He explains: “We have 200 horses all in a self-contained property. All of our full-time staff – 72 of them – bar three live on-site. It’s like a little community on its own, which was pretty helpful during lockdown because we could carry on nearly as normal without jeopardising everyone’s safety in terms of biosecurity. We maintain our own gallops and have two full-time gallops men to do that.
“It’s a big operation. Everyone from Orlando who mows the lawns to my assistant Nigel Walker has a role to play, and the success is down to everyone doing their roles effectively.”
A family affair
Anna Lisa, Andrew’s wife, plays a very important role in the business and staff side of the operation and, while Ian is less involved these days, Andrew’s mother Emma is a partner in the business. “She has a say in and an opinion on any strategy there might be,” he says with a grin.
Andrew and Anna Lisa have three children – Jono, Toby and Flora – and, like Andrew and his broadcaster sister Clare, will grow up steeped in racing and Kingsclere.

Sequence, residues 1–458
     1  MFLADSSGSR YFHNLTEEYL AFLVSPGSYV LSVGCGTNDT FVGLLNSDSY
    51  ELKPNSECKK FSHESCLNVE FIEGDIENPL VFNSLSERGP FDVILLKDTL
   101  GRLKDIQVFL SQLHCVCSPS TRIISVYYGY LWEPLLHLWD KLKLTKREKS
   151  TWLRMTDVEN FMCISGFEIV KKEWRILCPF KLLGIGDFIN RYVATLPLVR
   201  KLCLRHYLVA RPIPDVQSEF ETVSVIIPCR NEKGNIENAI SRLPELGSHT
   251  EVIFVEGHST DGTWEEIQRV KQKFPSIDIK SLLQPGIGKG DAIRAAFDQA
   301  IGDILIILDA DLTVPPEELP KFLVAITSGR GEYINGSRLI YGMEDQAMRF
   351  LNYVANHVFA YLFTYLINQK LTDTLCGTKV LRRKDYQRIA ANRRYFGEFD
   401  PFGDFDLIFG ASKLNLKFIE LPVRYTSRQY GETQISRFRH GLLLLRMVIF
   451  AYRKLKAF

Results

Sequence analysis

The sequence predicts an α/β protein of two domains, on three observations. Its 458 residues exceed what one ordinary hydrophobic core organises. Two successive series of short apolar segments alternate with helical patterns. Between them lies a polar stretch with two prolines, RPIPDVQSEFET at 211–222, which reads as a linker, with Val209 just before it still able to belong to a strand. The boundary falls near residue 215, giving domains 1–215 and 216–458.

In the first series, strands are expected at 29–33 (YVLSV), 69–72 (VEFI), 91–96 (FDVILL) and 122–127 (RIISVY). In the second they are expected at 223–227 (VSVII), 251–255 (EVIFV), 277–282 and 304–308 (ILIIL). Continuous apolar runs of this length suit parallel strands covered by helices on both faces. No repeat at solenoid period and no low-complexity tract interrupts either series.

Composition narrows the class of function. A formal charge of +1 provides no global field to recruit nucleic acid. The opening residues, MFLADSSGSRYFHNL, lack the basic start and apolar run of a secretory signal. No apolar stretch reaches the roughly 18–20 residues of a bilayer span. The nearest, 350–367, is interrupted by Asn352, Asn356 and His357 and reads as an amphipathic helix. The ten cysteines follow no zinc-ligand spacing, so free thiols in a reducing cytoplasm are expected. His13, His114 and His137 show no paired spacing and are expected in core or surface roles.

“Jono, who is our eldest at 13, has been riding out three lots a day during lockdown. Toby is 12 and has been riding two lots a day. Flora is only nine and is a little young to be riding out yet, but the boys have really got to grips with racehorses during lockdown and have been mucking in,” he says.
Andrew and Clare both rode as amateurs, and the next generation look set to as well. “Jono is already 6ft 3in and will be too tall, but he’s ridden out at Joseph O’Brien’s and Jessie Harrington’s, so we are trying to give him a good go before he does get too tall – he’s had a lot of experience for someone of his age,” Andrew says.
“Toby is much smaller and lighter and if his weight held up he could be a half decent jockey, I’d say.”
Andrew says that he never considered any other path in life: “I was far too lazy and unimaginative at school to think of anything else.”
Perhaps yet another generation of Baldings will take the bit between its teeth and send out top-class winners from Kingsclere.
Ref Horse & Hound; 20 August 2020